More than ever in today’s healthcare, it is important for consumers to champion their own care and to have an advocate, someone to help champion their care, because patients are not experts in disease management while needing to know what questions to ask, and individuals will not fully process information while in a compromised emotional state – as demonstrated in the following story.
A wonderful, young mother of small children contacted me and relayed her experience. She had gone into remission from a potentially life threatening condition. After eight years of being asymptomatic while off all drugs, she began to experience the onset of new symptoms. With a recent scan performed, she went to a new doctor in her small town to get the results, (I shall refer to him as Dr. A). She stated,
“I went alone, which I know I shouldn’t have, because at the beginning I was comprehending everything, but by the end I did not retain everything he said. When Dr. A told me the condition was back, the tears started to roll down my face. Dr. A looked at me and asked, “Why are you crying, you knew that you had the disease.” After his statement hit me, I am not sure how much I was retaining of the information.”
Dr. A did not consider that his patient was now a mother of small children, and her primary concern is how to care for them – the situation was no longer about herself; she was sitting in front of him alone; and, she now lives in a small town without access to an expert in her disease management. The doctor did not recognize that his patient was thrown off balance by his comment, and she was not comprehending what was being said.
A Healthcare Champion is Always Needed – Consumers Need to be Aware
Whether you, your spouse, family or a friend acts as the advocate, one is always needed. For people who cannot have someone championing at their side, a phone/computer can be used to record discussions for future reference, especially in times of stress. Many people cannot retain information while trying to process emotion. Additionally, they will often not think about the questions they need to ask, because they are not medical experts.
In the case of the young mother, I asked her how Dr. A came to the conclusion of the disease return when she had not signed a release for her previous tests to be compared to the most recent one. She stated, “I just assumed…” She was not in a state of mind to question the fact that tests done in a different State were not released, and the radiologist did not specifically write about any changes from the comparison of previous scans. After we spoke, she knew to request a copy of all tests to be copied on CD for her to keep, and to specifically ask for a comparison report of past to present scans from the radiologist.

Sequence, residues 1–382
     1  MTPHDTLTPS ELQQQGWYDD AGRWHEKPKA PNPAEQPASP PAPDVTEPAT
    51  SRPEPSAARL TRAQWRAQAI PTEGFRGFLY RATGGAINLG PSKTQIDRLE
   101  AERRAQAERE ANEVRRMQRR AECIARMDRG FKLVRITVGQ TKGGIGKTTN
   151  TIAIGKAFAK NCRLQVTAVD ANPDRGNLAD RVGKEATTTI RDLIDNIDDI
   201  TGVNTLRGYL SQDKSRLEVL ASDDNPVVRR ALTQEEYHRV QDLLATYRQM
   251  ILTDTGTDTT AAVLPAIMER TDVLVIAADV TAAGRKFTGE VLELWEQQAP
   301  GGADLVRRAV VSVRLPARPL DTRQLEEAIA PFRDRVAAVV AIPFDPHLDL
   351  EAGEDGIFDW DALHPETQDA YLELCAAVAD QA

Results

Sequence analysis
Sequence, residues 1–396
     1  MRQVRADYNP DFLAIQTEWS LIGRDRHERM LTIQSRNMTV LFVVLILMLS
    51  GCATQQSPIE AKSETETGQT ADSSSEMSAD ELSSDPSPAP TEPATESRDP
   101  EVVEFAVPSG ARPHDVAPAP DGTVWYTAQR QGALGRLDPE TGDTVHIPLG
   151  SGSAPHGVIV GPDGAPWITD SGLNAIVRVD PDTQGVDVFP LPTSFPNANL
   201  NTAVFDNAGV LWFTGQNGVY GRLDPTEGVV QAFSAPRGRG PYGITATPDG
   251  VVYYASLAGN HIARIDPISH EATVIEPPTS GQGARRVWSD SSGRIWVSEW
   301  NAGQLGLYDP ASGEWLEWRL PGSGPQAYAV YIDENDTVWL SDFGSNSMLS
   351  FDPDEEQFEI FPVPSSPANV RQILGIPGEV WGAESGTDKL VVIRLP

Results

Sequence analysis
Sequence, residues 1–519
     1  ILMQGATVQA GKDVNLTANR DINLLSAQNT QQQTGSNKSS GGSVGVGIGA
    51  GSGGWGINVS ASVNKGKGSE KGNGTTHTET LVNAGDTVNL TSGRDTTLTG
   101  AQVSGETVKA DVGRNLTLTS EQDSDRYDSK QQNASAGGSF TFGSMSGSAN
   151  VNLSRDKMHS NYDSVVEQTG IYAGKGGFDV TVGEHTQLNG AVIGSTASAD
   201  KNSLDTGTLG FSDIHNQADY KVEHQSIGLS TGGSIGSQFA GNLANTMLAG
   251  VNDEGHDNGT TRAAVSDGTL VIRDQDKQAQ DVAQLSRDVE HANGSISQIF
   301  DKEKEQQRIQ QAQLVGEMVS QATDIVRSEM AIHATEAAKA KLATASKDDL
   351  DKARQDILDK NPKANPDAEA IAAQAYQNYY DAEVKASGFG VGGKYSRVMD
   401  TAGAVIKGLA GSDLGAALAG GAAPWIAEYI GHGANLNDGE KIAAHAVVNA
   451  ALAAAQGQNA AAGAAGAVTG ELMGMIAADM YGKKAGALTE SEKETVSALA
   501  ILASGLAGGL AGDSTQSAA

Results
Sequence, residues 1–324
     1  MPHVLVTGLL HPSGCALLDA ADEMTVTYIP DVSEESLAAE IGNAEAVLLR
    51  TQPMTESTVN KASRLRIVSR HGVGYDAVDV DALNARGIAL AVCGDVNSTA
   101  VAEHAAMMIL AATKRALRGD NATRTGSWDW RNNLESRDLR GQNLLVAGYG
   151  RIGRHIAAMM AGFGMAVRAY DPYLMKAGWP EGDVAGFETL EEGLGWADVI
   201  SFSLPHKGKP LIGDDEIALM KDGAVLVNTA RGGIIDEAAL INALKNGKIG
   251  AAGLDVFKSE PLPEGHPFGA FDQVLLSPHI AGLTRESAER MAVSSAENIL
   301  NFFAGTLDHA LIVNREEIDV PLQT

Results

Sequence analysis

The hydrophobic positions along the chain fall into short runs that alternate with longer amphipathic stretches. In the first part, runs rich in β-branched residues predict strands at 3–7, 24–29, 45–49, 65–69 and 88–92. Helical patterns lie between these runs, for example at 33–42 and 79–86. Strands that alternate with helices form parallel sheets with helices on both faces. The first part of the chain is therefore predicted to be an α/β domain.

We also discussed the need to track all medications, tests, onset of symptoms in relation to activity and environment, etc. in a journal. Once the journal was created, the question was asked, “The doctor wanted to put you on the latest medication, without you telling him you had an arrhythmia last year, when was the last time you had an EKG? And, all doctors need to be aware of this.” Once the initial shock started to wear off, she took time to make a list of multiple questions to ask after receiving, from an advocacy group, resources from experts in the field. “I don’t want to just start taking the latest and greatest drug recently on the market without knowing about the other medications, side effects, and until these other tests are first done, and he has talked with my other doctors.”
The term advocacy has been morphed in the industry to often mean access to care, help with payment. Patient champions are needed – especially at the onset of news, while people are wrestling with the emotions of denial/fear etc. – to assist with how to proceed through the system, to ask the right questions, to discuss the patient’s role in making decisions regarding a plan of care, and to champion their own desired outcomes. Consumers also need to be assisted for being their own interoperability, owners of their health information for understanding associations of symptoms, meds, labs, and tests, in partnership with all the physicians.
A Partnership Always Needs to Exist for Quality Care
In 2015, I wrote a very explicit definition for Population Health, because as the story of this young mother exemplifies, all other definitions were generic, or an extension of public health, and they all lacked what is needed to achieve the health of the population, specifically: Population health is an established community of people (consumers/patients), working in partnership with health providers, advocates and educators operating holistically as a team within an integrated health maintenance continuum, to perpetually achieve and enhance quantifiably agreed upon quality of life outcomes.